Get More Smarter on Tuesday (May 1)

Mayday! Oh, wait…May Day! It’s time to Get More Smarter. If you think we missed something important, please include the link in the comments below (here’s a good example). If you are more of a visual learner, check out The Get More Smarter Show.



► The New York Times obtained a list of questions that special prosecutor Robert Mueller would like to ask President Trump:

The open-ended queries appear to be an attempt to penetrate the president’s thinking, to get at the motivation behind some of his most combative Twitter posts and to examine his relationships with his family and his closest advisers. They deal chiefly with the president’s high-profile firings of the F.B.I. director and his first national security adviser, his treatment of Attorney General Jeff Sessions and a 2016 Trump Tower meeting between campaign officials and Russians offering dirt on Hillary Clinton.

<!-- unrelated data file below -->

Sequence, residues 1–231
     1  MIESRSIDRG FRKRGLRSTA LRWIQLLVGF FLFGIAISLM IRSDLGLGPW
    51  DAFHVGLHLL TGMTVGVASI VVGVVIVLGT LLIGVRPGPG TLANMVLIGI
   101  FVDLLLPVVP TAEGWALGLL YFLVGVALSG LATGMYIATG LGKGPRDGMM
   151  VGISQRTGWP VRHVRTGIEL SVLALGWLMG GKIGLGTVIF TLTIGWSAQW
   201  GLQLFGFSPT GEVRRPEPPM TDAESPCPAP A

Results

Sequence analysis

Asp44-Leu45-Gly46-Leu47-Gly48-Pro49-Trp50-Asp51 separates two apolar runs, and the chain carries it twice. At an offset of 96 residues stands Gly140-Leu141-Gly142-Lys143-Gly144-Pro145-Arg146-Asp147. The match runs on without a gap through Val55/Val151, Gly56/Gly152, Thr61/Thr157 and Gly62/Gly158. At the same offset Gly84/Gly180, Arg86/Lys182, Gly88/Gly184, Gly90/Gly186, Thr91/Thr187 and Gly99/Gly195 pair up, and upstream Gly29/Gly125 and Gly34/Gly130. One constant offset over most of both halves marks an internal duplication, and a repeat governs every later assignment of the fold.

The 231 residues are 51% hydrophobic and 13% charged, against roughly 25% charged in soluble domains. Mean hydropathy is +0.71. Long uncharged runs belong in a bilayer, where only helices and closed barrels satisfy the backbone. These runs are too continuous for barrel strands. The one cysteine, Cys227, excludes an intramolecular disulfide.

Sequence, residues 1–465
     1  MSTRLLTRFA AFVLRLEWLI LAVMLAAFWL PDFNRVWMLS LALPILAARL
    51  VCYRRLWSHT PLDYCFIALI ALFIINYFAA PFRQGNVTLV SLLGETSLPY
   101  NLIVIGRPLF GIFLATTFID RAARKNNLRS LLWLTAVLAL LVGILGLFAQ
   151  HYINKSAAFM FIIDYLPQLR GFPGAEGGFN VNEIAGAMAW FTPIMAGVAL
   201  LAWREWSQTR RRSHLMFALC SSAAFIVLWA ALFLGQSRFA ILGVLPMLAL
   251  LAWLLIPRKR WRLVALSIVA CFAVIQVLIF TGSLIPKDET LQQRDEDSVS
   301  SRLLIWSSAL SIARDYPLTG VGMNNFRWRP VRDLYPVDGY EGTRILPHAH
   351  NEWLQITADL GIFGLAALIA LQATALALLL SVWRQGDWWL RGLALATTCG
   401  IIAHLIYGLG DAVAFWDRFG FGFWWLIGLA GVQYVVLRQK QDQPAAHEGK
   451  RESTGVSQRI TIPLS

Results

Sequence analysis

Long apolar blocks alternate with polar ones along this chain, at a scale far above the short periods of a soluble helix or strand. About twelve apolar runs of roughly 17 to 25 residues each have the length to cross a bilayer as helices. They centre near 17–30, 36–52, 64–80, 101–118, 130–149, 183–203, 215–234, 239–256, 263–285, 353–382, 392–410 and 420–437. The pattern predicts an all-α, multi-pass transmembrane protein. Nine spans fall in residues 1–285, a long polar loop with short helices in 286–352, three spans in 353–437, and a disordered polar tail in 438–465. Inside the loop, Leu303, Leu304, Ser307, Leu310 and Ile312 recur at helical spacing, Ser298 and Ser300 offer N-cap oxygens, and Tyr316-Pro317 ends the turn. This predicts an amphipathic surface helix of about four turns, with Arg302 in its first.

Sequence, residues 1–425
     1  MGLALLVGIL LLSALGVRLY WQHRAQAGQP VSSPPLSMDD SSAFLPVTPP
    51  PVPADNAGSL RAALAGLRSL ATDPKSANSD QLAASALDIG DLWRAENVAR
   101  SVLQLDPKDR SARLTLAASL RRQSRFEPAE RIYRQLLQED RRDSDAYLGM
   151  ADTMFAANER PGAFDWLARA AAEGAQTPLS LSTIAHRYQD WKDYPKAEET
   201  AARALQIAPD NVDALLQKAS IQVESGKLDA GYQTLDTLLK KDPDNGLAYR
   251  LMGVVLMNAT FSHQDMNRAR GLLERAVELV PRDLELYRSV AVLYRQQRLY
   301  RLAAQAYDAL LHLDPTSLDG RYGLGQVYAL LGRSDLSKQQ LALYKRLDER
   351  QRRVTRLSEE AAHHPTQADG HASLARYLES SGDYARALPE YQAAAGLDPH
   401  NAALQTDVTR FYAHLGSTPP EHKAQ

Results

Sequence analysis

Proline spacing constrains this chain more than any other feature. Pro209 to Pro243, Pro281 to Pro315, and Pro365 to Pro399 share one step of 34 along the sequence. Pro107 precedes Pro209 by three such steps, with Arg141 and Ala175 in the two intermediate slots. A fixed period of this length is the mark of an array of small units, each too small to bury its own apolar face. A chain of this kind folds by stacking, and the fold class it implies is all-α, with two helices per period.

But they also touch on the president’s businesses; any discussions with his longtime personal lawyer, Michael D. Cohen, about a Moscow real estate deal; whether the president knew of any attempt by Mr. Trump’s son-in-law, Jared Kushner, to set up a back channel to Russia during the transition; any contacts he had with Roger J. Stone Jr., a longtime adviser who claimed to have inside information about Democratic email hackings; and what happened during Mr. Trump’s 2013 trip to Moscow for the Miss Universe pageant.

Mr. Trump said on Twitter on Tuesday that it was “disgraceful” that questions the special counsel would like to ask him were publicly disclosed, and he incorrectly noted that there were no questions about collusion. The president also said collusion was a “phony” crime.

The questions provide the most detailed look yet inside Mr. Mueller’s investigation, which has been shrouded in secrecy since he was appointed nearly a year ago.


► Teacher walkouts across the country aren’t just about low salaries, as Brian Eason reports for the Associated Press: